19
August , 2019
Monday

People Aur Politics

A liberation zone for democratic rights, multiculturalism, international brotherhood and peace.

Early this year a relatively unknown 74-year old Gandhian, Kisan Baburao Hazare (also known as Anna Hazare), shot to fame for raising a campaign against corruption. For days on end, Anna Hazare haunted our television sets, and details of his campaign greeted us every morning in almost all newspapers. Perhaps some of the readers of this article were avid supporters of the crusade he led, and perhaps some were vocal or even silent critics. However, now that the high point of the campaign has passed and tempers and anxieties have ebbed, a calm and composed assessment of anti-corruption campaigns may be pursued. This paper is one such endeavour to sum up and assess the contours of the ‘India Against Corruption’ campaign. A special focus of the paper is on the process, whereby anti-corruption campaigns conflate the discontent of exploited and oppressed classes with the interests of the economically dominant class, i.e. the class of capitalists. This subsumption or conflation of differing class discontent is intrinsic to anti-corruption campaigns and it is this process which provides such campaigns their distinctive nature. It is argued here that the ‘India Against Corruption’ campaign corresponds with the interests of international as well as Indian capitalists. For the capitalist class an “efficient” and “incorrupt” administration has become a necessity to sustain on-the-ground implementation of pro-capitalist policies and laws. This demand by the capitalist class for a strong state has emerged in the context of growing mass discontent among India’s poor, as well a large section of India’s middle class (1), against brutal capitalist appropriation of public resources. In a well-formulated political manoeuvre, Indian and international capitalist lobbies have hand-picked and promoted NGO leaders in a bid to use them as authoritative pressure groups whom the state is compelled to consult in the process of policy formation and implementation. These selected leaders have been superimposed on the masses, as a result of which the discontent of the masses has been conveniently misdirected towards the capitalist understanding of corruption, and hence, towards a bourgeois resolution of the problem.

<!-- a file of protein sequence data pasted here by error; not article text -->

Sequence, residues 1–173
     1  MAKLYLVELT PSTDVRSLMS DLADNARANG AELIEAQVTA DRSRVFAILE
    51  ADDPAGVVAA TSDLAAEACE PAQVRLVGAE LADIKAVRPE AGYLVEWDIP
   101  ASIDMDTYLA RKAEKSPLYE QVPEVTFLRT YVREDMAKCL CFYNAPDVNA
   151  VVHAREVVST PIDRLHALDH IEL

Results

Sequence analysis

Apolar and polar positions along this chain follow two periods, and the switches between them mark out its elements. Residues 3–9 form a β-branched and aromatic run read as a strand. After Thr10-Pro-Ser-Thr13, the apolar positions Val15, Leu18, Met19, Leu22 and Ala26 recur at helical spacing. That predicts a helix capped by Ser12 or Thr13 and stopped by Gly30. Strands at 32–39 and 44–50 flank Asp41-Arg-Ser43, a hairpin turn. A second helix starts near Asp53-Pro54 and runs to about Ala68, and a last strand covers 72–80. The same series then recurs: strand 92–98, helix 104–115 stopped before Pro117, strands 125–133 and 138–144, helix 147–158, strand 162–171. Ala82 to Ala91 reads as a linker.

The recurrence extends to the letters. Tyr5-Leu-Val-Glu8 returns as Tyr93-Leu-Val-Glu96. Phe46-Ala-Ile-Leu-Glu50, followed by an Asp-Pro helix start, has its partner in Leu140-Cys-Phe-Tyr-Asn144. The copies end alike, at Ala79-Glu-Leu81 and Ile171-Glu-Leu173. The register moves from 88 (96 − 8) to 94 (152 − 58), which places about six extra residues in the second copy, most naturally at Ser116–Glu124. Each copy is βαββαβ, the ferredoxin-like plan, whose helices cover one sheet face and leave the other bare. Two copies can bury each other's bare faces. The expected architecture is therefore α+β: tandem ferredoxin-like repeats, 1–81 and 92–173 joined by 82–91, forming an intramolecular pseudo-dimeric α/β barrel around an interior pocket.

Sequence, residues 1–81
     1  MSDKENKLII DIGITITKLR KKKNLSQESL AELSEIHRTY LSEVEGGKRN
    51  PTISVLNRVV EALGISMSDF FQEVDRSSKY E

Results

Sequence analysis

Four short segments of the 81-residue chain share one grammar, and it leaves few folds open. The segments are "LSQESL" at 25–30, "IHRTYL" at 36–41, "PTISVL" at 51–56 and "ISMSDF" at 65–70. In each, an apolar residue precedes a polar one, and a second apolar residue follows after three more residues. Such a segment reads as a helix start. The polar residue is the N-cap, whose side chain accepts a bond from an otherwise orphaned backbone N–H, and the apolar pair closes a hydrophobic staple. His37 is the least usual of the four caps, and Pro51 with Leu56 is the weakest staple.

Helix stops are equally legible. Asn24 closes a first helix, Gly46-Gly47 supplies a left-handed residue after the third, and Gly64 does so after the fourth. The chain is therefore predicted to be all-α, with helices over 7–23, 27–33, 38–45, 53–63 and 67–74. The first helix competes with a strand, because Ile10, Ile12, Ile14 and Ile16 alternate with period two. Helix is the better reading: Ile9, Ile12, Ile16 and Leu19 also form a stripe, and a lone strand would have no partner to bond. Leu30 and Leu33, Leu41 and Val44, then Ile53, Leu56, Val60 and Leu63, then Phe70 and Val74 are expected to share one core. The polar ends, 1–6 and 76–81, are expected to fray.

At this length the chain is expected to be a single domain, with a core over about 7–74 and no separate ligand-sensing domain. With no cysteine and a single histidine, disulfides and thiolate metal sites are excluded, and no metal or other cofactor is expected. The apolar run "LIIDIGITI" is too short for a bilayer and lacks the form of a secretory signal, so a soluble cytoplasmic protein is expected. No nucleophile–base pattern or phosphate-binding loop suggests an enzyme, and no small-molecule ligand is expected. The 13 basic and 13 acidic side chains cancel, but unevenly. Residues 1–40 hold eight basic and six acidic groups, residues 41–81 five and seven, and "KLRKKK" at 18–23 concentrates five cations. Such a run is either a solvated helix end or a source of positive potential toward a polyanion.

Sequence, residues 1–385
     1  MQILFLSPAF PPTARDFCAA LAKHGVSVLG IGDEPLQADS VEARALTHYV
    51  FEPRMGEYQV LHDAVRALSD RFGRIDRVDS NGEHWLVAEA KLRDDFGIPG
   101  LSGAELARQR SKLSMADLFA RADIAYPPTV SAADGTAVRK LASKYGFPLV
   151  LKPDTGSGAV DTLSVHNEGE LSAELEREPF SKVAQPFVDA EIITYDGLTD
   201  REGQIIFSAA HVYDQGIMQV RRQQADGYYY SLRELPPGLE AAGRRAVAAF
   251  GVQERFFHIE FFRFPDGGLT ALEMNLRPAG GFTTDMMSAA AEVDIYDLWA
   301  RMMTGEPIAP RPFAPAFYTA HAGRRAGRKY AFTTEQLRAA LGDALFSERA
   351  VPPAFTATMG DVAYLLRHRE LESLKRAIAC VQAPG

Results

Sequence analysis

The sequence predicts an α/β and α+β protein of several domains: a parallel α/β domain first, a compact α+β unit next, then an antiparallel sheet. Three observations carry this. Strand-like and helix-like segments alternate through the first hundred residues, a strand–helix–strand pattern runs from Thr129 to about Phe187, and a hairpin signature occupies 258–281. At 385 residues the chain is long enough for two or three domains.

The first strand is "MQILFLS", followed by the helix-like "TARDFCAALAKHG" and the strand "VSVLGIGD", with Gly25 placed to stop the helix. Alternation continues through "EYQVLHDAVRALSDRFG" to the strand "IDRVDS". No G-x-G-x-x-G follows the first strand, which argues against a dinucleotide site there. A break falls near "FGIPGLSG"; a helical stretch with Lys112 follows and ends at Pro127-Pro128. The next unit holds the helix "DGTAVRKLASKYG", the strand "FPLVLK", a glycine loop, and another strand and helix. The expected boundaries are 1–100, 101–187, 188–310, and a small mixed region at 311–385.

Hijacking mass discontent, anti-corruption struggles like Anna Hazare’s campaign work towards restoring faith in the given bourgeois political structure, i.e. by projecting that a “pure” and “incorrupt” form of such a structure is even possible. Overshadowed by the anti-corruption rhetoric is the fact that the intrinsic nature of the bourgeois political system is to preserve capitalist exploitation and oppression of other classes. Precisely because anti-corruption crusades are devoid of an understanding of exploitation they are campaigns that exist under bourgeois hegemony. However, movements that are hegemonised by the bourgeoisie still manage to hitch mass discontent to the wagon of capital. The paper explains this disturbing trend in terms of the particular form in which the bourgeois political system has evolved. This form has allowed the bourgeois state to control many mass upheavals by coopting certain class forces and individuals within mass movements. Such cooption is often pursued by selecting and placing leaders in a privileged position vis-

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